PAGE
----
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2023's Big Ticket Sports Memorabilia Sales Look to Follow Strong 2022

2023's Big Ticket Sports Memorabilia Sales Look to Follow Strong 2022
January 26, 2023
Dylan Dittrich

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2022 was a year of record sports memorabilia sales that placed those top relics in the realm of fine art prices.

$10 million Jordan jersey. $9 million Maradona jersey. $6 million Ali belt. $5 million Tiger irons.

Those are hard acts to follow. Undoubtedly though, their astronomical prices will draw some top tier supply out of the woodwork and to the auction block. In fact, it already has. Over the next few weeks, 2023 will look to build its case as a sequel that's more Godfather: Part II and less Godfather: Part III.

The follow-up campaign begins at Sotheby's on Friday. The auction house, which played host to both the Jordan and Maradona jersey sales, will sell the jersey worn by LeBron James in Game 7 of the 2013 NBA Finals, a clincher for the Heat. Many will remember 2013 for the Bosh-assisted Ray Allen shot in Game 6, as early Heat fan departures desperately sought re-entry to the arena. Game 7, then, was perhaps the Gold Medal Game to the 1982 Miracle on Ice semi-final: crucially important to solidify the legacy, but not as memorable as the game before. Still, it saw a LeBron James at the peak of his powers tally 37 points and 12 boards in victory.

The jersey was worn only in the first half of that game. It carries an estimate of $3,000,000 - $5,000,000, and the lot has also received an irrevocable bid. For those unfamiliar, that means a bid has been placed that ensures the lot will sell. For effectively de-risking the auction, that bidder typically receives a fixed fee whether they're ultimately the winner or not. Long story short: we're very likely to have not only a towering LeBron James jersey record, but also our first multi-million dollar sports memorabilia sale of 2023.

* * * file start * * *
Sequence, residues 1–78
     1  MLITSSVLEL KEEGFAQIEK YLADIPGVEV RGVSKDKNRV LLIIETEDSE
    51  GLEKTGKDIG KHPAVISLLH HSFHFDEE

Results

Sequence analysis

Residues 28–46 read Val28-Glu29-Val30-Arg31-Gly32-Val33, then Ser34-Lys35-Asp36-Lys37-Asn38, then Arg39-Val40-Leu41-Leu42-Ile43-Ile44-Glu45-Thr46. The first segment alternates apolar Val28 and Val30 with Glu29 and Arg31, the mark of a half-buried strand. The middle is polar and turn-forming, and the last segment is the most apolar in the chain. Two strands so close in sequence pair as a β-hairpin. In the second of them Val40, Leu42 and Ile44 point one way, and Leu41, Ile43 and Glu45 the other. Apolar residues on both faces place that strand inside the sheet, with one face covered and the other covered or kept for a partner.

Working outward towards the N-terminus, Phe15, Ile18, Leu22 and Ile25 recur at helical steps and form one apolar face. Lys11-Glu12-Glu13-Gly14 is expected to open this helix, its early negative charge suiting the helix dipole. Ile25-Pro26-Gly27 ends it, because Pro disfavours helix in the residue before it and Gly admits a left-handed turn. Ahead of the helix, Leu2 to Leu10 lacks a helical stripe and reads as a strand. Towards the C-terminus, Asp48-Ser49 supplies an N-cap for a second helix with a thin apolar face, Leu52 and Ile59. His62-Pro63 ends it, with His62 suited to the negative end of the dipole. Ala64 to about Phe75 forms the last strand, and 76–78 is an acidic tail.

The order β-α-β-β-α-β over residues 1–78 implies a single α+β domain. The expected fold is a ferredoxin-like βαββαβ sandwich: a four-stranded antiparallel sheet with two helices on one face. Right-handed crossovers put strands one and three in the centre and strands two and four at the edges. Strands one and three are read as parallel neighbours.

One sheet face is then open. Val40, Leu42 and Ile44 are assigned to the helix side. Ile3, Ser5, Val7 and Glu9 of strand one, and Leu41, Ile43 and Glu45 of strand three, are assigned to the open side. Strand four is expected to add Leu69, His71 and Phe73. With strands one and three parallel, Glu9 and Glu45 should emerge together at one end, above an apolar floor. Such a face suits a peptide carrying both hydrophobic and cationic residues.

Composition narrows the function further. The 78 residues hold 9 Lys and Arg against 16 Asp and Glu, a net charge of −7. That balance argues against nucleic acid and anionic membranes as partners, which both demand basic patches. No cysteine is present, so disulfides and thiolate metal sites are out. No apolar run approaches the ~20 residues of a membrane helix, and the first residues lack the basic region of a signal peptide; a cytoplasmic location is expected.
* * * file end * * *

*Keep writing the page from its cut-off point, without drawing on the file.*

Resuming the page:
But the fun doesn't stop there.

In early February, Sotheby's will bring another important basketball jersey to the block. This time, it's a key Kobe Bryant piece. From his 2007-08 MVP campaign, the only season in which Bryant won an MVP, the signed jersey has been photomatched to 25 games, as well as his MVP award picture and an iconic photo often seen in murals. The heavy wear and the dominant period are the hallmarks here.

With an estimate of $5,000,000 to $7,000,000, the jersey would easily become the most expensive Bryant jersey ever sold. The current record stands at $3,600,000, achieved at Goldin in May of 2021 by a rookie jersey matched to 7 games and a pre-season photo shoot, making it one of the earliest known Bryant-worn Lakers jerseys.

It's worth noting for perspective: should the Kobe jersey at Sotheby's reach the higher end of its range, it would be more expensive than any game-worn item sold pre-2022.

In that regard, it would serve as a confirmation sale of sorts, signaling that the game-worn market has reset at a higher level. The term "confirmation sale" is borrowed from the art market. When an artist's price record is broken, market observers look not so much to when the record will next be broken, but rather, to see if sales begin to fill in above the prior record and below the new record. This provides evidence - confirmation - that the artist's market has taken to new heights. If the Kobe jersey doesn't cross $6 million, that doesn't mean the market has failed to retrench higher, but there will be an expectation that something should test and surpass those levels in 2023.

Finally, at a more "modest" price point, Goldin is set to auction the ball from the 1986 World Cup Quarterfinal between Argentina and England. That ball is the one that struck Diego Maradona's hand for the "Hand of God" goal. Of course, the $9.3 million jersey sale from that game raises the profile of the ball, which comes from the match referee. The ball was actually up for auction at Graham Budd Auctions in the UK in November, and bidding surpassed £2 million but failed to meet the reserve. Surpassing those prices in February will be a tall order, but doing so would be evidence of momentum in sports memorabilia that's not waning at the high end. The sequel begins Friday. It sure would be fun to see a blockbuster.

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